“How do you deal with the fact that time often gets in the way of fully exploring cognitive diversity—or the fact that sometimes you simply don’t have time to make decisions using the Dream Teams principles?”
The enemy to breakthrough collaboration is often NOT unwilling people; it’s often TIME itself.
Debates often end when the allotted time is up, not when the issue is fully explored.
Decisions often are made when the deadline approaches, not when the best solution is discovered.
Sometimes we simply don’t have enough time to explore the whole mountain, so we have to do our best.
It helps to break down what we’re working on into one of three categories, and manage our “team” accordingly:
Critical challenges for which you need truly novel, even breakthrough, solutions:
These types of problems require us to take as much time as we can to a) collect cognitively diverse inputs, b) debate and explore the mountain range for better solutions, and c) exercise the intellectual humility to respect what we don’t understand, let go of our egos, and revise our viewpoints.
These kinds of problems should not be resolved just when the clock is up—unless we are willing to compromise on the quality of the solutions we are after.
Important challenges for which speed is necessary, but innovation and creativity are still wanted:
These types of problems are best handled by cognitively diverse groups of people who “roll” well together.
These teams need a strong sense of purpose and high trust in intentions, so they can engage in cognitive friction on the fly without second-guessing whether everyone is on their team.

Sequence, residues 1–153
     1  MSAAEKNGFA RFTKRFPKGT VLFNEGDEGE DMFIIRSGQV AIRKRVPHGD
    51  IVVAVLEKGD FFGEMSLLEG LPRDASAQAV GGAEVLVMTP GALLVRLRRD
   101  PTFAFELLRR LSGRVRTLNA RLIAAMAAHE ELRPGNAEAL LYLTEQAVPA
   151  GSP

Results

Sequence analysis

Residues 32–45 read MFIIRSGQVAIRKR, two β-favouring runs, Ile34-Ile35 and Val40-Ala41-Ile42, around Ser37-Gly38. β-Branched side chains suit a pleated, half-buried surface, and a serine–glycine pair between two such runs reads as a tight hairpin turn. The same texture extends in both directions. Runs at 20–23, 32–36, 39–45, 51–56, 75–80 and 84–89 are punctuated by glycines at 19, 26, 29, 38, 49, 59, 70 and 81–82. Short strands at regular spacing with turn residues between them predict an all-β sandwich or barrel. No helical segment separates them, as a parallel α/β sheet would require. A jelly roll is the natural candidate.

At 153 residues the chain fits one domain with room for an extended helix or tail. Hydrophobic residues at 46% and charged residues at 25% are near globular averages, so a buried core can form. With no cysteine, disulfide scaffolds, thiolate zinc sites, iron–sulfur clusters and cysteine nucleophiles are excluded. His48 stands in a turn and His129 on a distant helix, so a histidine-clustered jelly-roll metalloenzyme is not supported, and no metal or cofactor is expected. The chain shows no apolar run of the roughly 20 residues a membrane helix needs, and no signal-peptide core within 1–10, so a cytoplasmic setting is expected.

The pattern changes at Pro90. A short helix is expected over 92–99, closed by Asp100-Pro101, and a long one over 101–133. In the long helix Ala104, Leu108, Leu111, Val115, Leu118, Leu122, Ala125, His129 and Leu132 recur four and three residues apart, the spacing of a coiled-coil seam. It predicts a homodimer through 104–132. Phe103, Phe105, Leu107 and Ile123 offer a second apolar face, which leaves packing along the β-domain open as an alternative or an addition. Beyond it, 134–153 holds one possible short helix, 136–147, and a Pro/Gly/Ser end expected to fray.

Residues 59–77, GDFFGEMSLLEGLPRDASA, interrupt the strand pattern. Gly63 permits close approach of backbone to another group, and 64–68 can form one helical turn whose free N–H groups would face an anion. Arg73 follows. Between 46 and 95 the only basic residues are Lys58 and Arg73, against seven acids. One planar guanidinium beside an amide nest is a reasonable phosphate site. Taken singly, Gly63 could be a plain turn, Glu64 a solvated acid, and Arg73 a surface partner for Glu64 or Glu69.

These teams can get away with having more in common than others, because trust in intentions needs to be high. But this is the kind of team that can get the most out of up-front training on Intellectual Humility, ongoing team bonding, and micro-inclusions so they can continue to roll.
Be mindful that these kinds of teams still need outside cognitive diversity injected from time to time. It pays to bring in outsiders, expose the team to new perspectives, and adjust the membership of the team from time to time to keep them in The Zone.
Routine challenges for which speed and efficiency is a higher priority than innovation:
In these cases, you want a team that rolls well together and is unified, but doesn’t need a lot of cognitive friction to do whatever it is you need to do.
But a warning: having cognitive diversity in this team—even if it is not being tapped into often—is still good. When problems arise, having different perspectives and heuristics on hand will always be helpful.
And having visible and demographic diversity on this team will help everyone to engage at a more full cognitive level, as we learned in Part I of this course. (We all think a little more critically when we can’t just assume that everyone in the group sees things just like us.) And this also is a morally good thing to do anyway.